"She has tremendous hatred in her heart," Trump said. "She has tremendous hatred."

In that moment and several others, Trump sought to bait Clinton into lashing out — just as she did to great effect during their first debate. But she kept her composure throughout, while Trump often seemed disgusted with Clinton and running at a high boil.

Hillary Clinton and Donald Trump during their second presidential debate at Washington University in St. Louis, Oct, 9, 2016. (Doug Mills / The New York Times)

When Clinton said Russia was responsible for atrocities in Syria and mentioned Trump's praise for the Russian President Vladimir Putin, Trump replied bluntly that he did not know Putin. But then he came to Russia's defense by questioning whether it was responsible for the hack into the email servers of the Democratic National Committee.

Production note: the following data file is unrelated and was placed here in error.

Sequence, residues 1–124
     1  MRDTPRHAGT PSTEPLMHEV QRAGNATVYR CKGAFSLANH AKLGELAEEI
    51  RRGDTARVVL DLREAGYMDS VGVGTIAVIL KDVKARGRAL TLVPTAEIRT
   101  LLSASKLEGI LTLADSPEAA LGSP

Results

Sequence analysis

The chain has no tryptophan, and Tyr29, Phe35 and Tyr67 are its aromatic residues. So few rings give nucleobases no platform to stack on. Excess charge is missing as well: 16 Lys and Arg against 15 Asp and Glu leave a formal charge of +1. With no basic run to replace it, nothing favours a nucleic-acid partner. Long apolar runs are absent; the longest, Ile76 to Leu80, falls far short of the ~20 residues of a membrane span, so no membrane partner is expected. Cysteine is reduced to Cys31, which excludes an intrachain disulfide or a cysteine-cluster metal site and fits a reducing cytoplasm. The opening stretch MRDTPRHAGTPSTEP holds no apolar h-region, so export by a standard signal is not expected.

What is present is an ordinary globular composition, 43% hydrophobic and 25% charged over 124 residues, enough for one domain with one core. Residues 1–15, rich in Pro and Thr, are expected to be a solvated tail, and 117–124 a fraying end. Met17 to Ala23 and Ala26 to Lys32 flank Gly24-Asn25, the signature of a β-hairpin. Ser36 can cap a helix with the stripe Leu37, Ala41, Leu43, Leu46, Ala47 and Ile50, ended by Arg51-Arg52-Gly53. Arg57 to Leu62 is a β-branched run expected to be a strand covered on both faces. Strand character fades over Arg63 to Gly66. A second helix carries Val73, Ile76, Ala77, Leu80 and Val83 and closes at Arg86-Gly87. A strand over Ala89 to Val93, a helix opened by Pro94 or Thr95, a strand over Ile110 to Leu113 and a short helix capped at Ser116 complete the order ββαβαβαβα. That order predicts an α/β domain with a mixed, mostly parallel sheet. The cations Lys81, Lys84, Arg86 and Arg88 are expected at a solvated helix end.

"I know nothing about Russia," he said, momentarily pausing before adding: "I know about Russia."

Trump said he had "no loans with Russia," and veered into a digression about having "a great balance sheet," which allowed him to build a new Trump hotel at the Old Post Office on Pennsylvania Avenue in Washington.

And with Trump's running mate, Gov. Mike Pence of Indiana, weighing whether he wanted to remain on the ticket, Trump used a question about Pence's hard-line rhetoric on Russia at last week's vice-presidential debate to humiliate him.

"He and I haven't spoken and I disagree," Trump said, not hesitating to isolate his own running mate.

If Pence was bothered by Trump separating himself over Russia, or his assault on Hillary Clinton over her husband's infidelity, it was not enough to prompt him to abandon the ticket.